Before writing his 1936 classic ‘How to win friends and influence people’ Dale Carnegie was predominantly a speechwriting consultant and author. His first three books (written in 1915, 1920 and 1926) all focused on the craft of preparing and delivering speeches.
Central to his approach was a technique which remains popular to this day:
- Tell them what you are going to tell them.
- Tell them.
- Then tell them what you just told them.
What is true of speechwriting is also true of interface design:
- Let them know what they can do.
- Let them do it.
- Then let them know what they’ve just done.
The latter part of that is delivered using UX’s beta blocker – feedback. Along with drinking more red wine, drinking less red wine, eating more cholesterol and eating less cholesterol, it lowers your user’s blood pressure.
In particular, feedback does two things. Firstly, it lets the user know that the system has received their input and is processing it on their behalf. Secondly it gives the user confidence that the thing they are wanting to achieve is progressing (or complete).
You press the switch to turn on a light in a room, but the light doesn’t come on. The fact that the switch has changed shape and has made a clicking noise gives you the feedback to know that the switch has done its job. This feedback lets you know that you need to change the bulb or that the electricity is out.
Remember the heady days when you came off a long–haul flight and just wanted to get to your hotel, but first you had to navigate the passport queue? As you snaked up and down the line you saw a sign which said ‘15 minutes’, later one which said ‘10 minutes’, then ‘5 minutes’ and eventually you got checked and went on your way. Those pieces of feedback were essential in giving you confidence about what was going on and a perceived sense of control.
Remember the headier days when you stood in the lobby of a busy hotel? You pushed the button for the lift and you waited. The light came on behind the button and that told you that the lift is on its way. Now of course you would prefer that the lift doors just open in front of you, but at least you knew there was nothing more you could do but wait.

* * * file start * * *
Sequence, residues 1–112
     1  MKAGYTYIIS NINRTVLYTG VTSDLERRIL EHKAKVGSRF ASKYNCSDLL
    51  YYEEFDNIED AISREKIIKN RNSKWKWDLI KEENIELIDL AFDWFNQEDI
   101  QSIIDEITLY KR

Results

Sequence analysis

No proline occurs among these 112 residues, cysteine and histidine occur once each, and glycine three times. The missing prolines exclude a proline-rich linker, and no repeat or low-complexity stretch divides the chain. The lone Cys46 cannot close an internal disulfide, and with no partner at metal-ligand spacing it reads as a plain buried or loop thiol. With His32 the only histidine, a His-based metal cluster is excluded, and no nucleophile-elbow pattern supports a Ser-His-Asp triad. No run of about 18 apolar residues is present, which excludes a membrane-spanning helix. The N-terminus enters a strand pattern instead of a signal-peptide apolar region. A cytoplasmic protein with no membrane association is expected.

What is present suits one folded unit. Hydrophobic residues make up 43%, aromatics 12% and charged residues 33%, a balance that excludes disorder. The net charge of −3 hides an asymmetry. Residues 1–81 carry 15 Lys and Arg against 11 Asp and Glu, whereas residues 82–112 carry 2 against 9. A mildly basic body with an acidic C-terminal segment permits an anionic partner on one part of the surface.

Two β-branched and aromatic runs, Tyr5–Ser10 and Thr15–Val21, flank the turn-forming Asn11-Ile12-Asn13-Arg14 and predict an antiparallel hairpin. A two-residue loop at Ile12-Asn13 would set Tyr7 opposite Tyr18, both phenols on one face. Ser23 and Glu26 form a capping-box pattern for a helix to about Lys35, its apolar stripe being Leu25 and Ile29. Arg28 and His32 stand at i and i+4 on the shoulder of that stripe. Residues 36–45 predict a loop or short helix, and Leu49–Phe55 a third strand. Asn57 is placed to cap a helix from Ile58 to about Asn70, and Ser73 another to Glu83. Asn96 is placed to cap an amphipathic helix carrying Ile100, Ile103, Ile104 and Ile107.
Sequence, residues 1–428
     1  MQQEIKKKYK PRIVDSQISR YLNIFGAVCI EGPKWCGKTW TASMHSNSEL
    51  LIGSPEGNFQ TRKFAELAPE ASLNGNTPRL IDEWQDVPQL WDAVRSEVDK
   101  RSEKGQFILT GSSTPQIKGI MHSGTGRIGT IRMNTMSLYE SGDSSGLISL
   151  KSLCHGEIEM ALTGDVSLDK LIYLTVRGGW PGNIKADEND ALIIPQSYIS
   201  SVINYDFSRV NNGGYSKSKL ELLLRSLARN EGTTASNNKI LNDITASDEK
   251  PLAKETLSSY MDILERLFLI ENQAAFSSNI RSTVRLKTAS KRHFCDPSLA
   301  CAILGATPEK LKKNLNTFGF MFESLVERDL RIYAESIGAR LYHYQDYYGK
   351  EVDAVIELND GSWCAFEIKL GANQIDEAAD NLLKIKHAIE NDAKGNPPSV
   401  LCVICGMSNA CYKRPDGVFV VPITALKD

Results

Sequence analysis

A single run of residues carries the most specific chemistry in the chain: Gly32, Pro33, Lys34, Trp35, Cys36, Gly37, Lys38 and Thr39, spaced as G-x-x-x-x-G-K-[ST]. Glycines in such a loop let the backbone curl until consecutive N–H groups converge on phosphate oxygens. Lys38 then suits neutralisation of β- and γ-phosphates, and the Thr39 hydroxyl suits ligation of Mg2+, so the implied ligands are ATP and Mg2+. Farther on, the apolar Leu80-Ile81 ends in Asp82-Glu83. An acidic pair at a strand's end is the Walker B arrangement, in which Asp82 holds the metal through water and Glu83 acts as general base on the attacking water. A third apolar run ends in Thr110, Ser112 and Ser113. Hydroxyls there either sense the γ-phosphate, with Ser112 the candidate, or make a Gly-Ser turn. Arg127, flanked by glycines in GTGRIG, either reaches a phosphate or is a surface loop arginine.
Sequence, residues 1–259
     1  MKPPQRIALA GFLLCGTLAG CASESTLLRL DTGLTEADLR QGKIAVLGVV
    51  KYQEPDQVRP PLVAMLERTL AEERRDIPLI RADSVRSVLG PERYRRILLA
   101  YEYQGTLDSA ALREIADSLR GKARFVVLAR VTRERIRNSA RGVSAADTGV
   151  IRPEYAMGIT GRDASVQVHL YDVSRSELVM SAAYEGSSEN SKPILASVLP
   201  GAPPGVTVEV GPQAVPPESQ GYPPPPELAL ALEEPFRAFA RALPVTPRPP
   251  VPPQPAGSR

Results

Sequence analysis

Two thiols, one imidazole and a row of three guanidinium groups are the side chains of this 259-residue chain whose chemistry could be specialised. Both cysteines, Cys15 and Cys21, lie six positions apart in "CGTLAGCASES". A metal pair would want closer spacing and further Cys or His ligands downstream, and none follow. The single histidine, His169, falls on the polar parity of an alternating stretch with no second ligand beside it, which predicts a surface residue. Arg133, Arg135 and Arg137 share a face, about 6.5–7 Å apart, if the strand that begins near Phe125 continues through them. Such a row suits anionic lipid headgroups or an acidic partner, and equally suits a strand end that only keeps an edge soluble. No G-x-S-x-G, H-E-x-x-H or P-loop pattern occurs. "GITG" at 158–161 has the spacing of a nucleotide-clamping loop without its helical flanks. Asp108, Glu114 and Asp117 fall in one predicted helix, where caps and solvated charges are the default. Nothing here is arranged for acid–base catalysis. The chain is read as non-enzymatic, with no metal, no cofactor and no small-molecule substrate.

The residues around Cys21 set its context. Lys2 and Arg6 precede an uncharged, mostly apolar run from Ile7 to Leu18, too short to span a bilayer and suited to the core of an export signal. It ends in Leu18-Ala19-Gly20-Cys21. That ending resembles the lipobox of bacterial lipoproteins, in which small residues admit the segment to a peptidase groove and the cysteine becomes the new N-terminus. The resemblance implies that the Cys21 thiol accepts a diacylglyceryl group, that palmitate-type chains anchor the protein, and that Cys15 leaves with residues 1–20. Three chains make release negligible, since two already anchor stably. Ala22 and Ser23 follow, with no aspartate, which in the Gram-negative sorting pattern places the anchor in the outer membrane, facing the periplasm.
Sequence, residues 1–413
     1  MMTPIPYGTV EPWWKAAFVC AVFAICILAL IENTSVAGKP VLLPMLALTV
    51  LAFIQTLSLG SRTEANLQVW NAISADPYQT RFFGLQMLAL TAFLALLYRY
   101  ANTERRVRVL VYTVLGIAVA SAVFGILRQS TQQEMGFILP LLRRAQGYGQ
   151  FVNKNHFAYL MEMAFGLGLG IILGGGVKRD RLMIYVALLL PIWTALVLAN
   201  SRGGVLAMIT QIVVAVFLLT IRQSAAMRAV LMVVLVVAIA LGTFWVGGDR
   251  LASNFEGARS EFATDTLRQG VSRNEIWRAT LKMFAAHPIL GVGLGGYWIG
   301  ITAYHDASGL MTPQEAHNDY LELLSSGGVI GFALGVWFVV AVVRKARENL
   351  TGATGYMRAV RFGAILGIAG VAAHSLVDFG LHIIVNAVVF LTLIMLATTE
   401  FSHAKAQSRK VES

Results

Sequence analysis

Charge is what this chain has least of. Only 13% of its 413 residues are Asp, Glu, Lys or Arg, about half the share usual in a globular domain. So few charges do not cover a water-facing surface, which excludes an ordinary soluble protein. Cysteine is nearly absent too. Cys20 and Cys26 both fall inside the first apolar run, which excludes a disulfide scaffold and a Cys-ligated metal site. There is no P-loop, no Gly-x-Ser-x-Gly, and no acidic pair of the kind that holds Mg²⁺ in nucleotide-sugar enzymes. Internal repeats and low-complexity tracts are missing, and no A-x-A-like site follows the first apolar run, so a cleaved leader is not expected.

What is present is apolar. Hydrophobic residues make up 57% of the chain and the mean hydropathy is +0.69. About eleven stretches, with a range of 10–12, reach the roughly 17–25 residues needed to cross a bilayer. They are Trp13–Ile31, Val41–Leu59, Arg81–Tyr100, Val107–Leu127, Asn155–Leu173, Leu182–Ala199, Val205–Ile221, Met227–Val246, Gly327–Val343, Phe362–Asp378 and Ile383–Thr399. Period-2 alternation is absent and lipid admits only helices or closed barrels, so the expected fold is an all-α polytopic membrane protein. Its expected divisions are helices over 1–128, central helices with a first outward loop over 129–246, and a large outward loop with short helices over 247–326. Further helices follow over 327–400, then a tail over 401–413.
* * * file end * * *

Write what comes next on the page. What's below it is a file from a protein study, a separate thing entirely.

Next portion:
As with lifts, lights and lines so with digital interfaces.
Every time the system receives user input and is working on their behalf it needs to let the user know what is going on. There is a myriad of feedback devices which can and should be provided for users as the system works busily on their behalf, with a relevant selection outlined below, along with the circumstances in which you should use them:
Interactive progress indication
Use these graphic devices when the user is in control of guiding themselves through a process.
Visual indication gives the user a clear sense of what has been completed, what they need to do now and what comes next.
Fathom (image owner). Visual progress indicator example [digital image]. Property of Fathom.
It isn’t always possible to fit this level of detail on to the screen without it becoming overly complex, so it is possible to convey slightly less information but still infer flow and level of completion.
Fathom (image owner). Progress indicator [digital image]. Property of Fathom.
Presentational progress indication
These devices should be used when the user can do nothing to impact the process (except potentially cancel it). Users get notoriously antsy when they don’t have control of interaction so this time needs to be managed exceptionally carefully. The system should give the user as much information as it has available to let them know when the process will complete.
Fathom (image owner). Adobe PDF viewer download progression [digital image]. Property of Fathom.
Fathom (image owner). Percentage completion example [digital image]. Property of Fathom.
This is a less fussy graphical artefact and should be used only for short (sub 10 seconds) processes:
Fathom (image owner). Looped animation example [digital image]. Property of Fathom.
This approach employs visual inference to communicate progress and should be used where the system is unsure of completion time. The artefact being animated should only make one pass left to right, it shouldn’t return and loop.
Fathom (image owner). Linear animation flight example [digital image]. Property of Fathom.
Popularised primarily by social media applications, skeleton screens give users an early sense of what content a page will contain but showing the blocks which make it up. As well as helping users anticipate what is on its way, it also allows them to get early visibility of the early–loading content, allowing them to get started on their task.
Fathom (image owner). Fathom website skeleton screen [digital image]. Property of Fathom.
How can you best help users?
There are three critical questions which are constantly on the minds of users. Well implemented feedback allows the interface to consistently and continually answer those questions while contributing to the user’s overall experience.
What have I completed?
What do I do now?
What happens next?